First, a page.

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Who will be the leading receiver for the 2019 Miami Dolphins?

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The top three positions of Miami’s wide receiver depth chart are relatively set headed into the 2019 season. Who will rise to the very top?

Detroit Lions v Miami Dolphins Photo by Michael Reaves/Getty Images

The Dolphins wide receiving corps has seen a slight shakeup since the end of the 2018 season. Gone are Danny Amendola and Leonte Carroo, but returning from injury will be Albert Wilson and Jakeem Grant. All the while, the ever-reliable Kenny Stills and enigmatic DeVante Parker are back for another season in aqua and orange.

With a new quarterback taking the reins of Miami’s attack and little certainty present around the offense in general, which wide receiver will lead Miami’s aerial charge going forward?

First, let’s break down the obvious candidates:

Kenny Stills

With 2018’s leading receiver (Amendola) now playing for the Detroit Lions, we can look to last season’s second leading receiver as a possibility to accumulate the most receiving yards in 2019. That would be Kenny Stills, whose downfield playmaking ability has been a staple of Miami’s offenses since the veteran pass catcher arrived in South Florida back in 2015. Stills seemed to be a favorite target of Ryan Tannehill, but with Tannehill now with the Tennessee Titans, it remains to be seen whether Stills will develop a similar rapport with Josh Rosen or Ryan Fitzpatrick.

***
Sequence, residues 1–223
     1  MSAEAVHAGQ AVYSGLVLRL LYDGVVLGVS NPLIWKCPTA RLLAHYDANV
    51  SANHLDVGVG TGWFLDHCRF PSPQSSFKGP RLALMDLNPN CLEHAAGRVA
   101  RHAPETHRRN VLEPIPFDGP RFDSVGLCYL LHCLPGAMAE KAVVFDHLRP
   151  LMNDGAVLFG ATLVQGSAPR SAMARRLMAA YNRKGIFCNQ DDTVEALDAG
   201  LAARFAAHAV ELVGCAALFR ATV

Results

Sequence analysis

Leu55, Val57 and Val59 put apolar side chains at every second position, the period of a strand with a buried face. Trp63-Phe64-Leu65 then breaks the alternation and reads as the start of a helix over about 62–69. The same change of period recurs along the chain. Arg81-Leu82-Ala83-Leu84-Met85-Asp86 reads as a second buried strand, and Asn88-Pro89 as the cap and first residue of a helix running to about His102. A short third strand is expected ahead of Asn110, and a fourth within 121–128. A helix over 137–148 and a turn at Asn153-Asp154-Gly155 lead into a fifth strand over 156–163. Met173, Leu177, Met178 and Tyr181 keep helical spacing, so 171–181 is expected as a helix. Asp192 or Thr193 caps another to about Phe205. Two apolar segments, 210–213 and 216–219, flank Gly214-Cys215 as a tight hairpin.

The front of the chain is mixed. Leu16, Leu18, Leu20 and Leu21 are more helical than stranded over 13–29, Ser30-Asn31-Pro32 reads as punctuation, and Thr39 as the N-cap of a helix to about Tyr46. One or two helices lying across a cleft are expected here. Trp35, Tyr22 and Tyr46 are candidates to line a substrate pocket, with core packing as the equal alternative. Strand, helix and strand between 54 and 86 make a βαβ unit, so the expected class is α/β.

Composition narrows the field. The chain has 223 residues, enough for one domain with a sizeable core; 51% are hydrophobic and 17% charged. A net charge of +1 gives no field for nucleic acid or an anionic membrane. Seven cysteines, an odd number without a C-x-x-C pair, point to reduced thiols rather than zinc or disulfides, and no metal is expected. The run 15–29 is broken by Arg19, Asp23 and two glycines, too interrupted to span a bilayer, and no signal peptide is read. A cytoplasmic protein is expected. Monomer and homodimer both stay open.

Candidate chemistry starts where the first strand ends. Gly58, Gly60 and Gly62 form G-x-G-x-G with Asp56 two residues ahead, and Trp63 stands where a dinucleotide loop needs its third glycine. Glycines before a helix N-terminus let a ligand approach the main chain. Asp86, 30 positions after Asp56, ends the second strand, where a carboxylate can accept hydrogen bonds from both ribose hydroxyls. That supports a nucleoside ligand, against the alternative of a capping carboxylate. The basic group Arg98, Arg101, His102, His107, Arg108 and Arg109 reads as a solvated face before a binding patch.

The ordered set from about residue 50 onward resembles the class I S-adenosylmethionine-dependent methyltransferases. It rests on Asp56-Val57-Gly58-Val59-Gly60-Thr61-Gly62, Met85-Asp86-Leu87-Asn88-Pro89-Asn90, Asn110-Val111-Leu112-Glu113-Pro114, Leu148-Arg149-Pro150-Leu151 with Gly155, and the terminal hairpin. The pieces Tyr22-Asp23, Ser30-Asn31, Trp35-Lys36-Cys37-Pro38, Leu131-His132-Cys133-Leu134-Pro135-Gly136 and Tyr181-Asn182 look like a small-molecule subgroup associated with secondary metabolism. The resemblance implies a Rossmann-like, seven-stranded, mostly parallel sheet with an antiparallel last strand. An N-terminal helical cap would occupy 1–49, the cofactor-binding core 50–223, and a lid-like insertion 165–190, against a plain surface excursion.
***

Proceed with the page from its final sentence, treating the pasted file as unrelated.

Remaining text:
Regardless, Stills’ experience, ability, and the lack of other star power on Miami’s receiving corps will certainly culminate in the 27-year old netting a spot atop Miami’s depth chart, but how will he be used in new offensive coordinator Chad O’Shea’s offense?